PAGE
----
The University of the District of Columbia’s new student center, designed by alumnus Michael Marshall. (Bill O'Leary/The Washington Post)

The son of a school bus driver and night janitor, Michael Marshall came to the University of the District of Columbia in 1975, with dreams of becoming an architect. After finishing a two-year program at UDC, Marshall went on to Catholic University and earned a master’s degree in architecture from Yale.

Next month, Marshall’s early ambitions at UDC will be physically realized in a new 83,000-square-foot building opening on campus that is his design.

“People will come off the Metro when they come here, and this is what they’ll see. This is what they’ll remember,” Marshall, 59, said.

The $63 million student center, which is scheduled to open Jan. 20, embodies a new direction for UDC. The combined community college and four-year university offers 49 undergraduate degree and certificate programs but has struggled in recent years, with lagging graduation rates, tortured finances and even construction delays that imperiled the future of the new centerpiece building.

The rain garden under construction at the University of the District of Columbia’s student center. (Bill O'Leary/The Washington Post)

The facility, which was supposed to open in 2013 and had original cost projections of $40 million, is a futuristic addition to the campus in Northwest Washington, along Connecticut Avenue in Van Ness.

“We’ve been spending a lot of time thinking about not only who we are but also who we want to be,” said UDC President Ronald Mason Jr., who took office in July. The student center “is a symbol of where we want to be.”

The result is Marshall’s design of a three-story facility constructed to LEED Platinum standards, which aim to reduce the building’s carbon footprint and energy usage.

Honeycomb aluminum fins attached to the building’s facade are meant to keep the sun from heating the building and will keep windows shady in the summer. A green roof with vegetation and storm drains will help keep the facility cool and catch rainwater for use in restroom toilets. The carpets are composed of recycled fibers. Reclaimed wood panels add a natural touch to the building’s glass, steel and concrete interior. All materials used in the construction originated from suppliers within 500 miles to reduce emissions in transit to the site.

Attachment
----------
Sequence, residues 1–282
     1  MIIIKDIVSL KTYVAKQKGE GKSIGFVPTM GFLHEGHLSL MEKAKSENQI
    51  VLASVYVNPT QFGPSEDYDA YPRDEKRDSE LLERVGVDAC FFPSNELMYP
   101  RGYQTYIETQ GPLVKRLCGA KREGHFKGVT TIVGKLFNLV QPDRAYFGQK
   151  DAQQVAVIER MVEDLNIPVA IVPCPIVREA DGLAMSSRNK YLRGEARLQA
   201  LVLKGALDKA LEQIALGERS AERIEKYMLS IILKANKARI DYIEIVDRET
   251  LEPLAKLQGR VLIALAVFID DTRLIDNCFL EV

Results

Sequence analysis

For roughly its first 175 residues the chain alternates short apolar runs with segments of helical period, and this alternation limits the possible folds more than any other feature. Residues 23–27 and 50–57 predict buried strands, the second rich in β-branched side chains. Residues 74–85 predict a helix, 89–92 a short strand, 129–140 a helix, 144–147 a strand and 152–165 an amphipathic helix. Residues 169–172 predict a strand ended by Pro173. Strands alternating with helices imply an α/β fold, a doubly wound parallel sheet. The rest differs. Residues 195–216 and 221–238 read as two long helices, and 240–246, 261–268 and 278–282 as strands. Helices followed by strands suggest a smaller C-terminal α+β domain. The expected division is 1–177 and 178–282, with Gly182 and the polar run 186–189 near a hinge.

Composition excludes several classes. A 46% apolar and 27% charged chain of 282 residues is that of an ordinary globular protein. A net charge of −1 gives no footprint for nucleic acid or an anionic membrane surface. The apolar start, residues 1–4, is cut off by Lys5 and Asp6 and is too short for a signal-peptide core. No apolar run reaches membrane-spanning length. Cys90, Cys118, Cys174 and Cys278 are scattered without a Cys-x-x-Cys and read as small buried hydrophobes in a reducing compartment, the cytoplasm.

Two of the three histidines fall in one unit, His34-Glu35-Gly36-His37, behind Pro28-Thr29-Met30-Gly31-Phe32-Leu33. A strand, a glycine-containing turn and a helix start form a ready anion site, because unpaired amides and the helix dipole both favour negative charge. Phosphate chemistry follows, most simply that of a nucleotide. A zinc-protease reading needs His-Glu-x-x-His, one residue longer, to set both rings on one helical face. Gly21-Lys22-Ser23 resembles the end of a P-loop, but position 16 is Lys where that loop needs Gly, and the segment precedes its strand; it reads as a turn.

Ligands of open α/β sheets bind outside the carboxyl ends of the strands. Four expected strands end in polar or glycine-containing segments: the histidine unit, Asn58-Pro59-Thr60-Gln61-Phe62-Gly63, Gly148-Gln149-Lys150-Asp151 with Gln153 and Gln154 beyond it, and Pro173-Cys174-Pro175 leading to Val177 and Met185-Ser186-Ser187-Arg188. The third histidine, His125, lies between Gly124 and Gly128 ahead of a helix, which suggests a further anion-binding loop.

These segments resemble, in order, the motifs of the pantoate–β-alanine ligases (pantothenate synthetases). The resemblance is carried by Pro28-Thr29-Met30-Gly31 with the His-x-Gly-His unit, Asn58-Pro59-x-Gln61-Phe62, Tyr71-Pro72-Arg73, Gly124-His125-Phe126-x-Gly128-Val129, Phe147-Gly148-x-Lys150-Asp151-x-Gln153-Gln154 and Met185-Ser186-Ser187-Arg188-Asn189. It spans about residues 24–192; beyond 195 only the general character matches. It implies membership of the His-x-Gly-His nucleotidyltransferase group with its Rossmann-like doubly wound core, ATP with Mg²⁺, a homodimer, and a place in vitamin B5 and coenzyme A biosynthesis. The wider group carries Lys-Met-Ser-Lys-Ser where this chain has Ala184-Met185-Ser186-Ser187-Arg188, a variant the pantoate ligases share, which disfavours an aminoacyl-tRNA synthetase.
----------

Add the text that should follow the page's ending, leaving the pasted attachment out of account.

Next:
The lofty main atrium reflects the building’s overall natural aesthetic with shades of earthen tones and glass panels tinted amber, gold and copper.

Aiming for the rigorous platinum standards “allowed us to be a beacon in the city for what buildings can strive for,” said Erik Thompson, UDC’s acting vice president for the office of facilities and real estate.

A view of the multi-story atrium at the University of the District of Columbia’s new student center. (Bill O'Leary/The Washington Post)

The building, at 4200 Connecticut Ave., also will serve as a gateway for people in the Van Ness community. Thompson described the building as the school’s new “front porch.”

“It’s where students, faculty and neighbors can come together to talk about the community,” Thompson said.

During a preview tour last week, Thompson said the building is in the final stages of construction. Workers were removing construction dust from the floors, and bricklayers were completing a front walkway.

The building boasts a mirrored yoga studio, offices for student government groups, and a lounge that will be stocked with video games and a pool table. The lounge faces a glass wall that exposes the school’s library stacks.

Thompson said that decision was quite purposeful: He hopes that students who will have been “playing pool for six hours or table tennis for six hours” might look into the library and consider hitting the books. Likewise, Thompson said, the lounge will offer students who have been “in the library for 13 hours” a welcome study break.

Marshall said the building’s design carries influence from a trip he took to Italy as a student at Catholic. A clock tower atop the student center is the focal point of a plaza where students will be able to sit on warm days, reminiscent of the famous Italian “piazzas” of Rome and Venice.

Marshall said he was drawn to architecture early in life, at age 11, when a friend showed him blueprints used for carpentry designs. Marshall said that he opted to enroll at a technical school, which became part of UDC in 1975, after hearing about the school’s design courses in a radio advertisement.

His grand, modern design for the student center is meant to evoke pride in UDC for the school’s 5,000 students as well as for alumni, Marshall said.

“It’s more than a mere office building,” he said.

Marshall noted that his mother once worked as a night janitor at the American Institute of Architects building in downtown Washington, a professional association of which Marshall is now a member.

To stand in the building he designed at UDC, about four miles away, Marshall said, “both professionally and personally, it’s a great honor and a privilege.”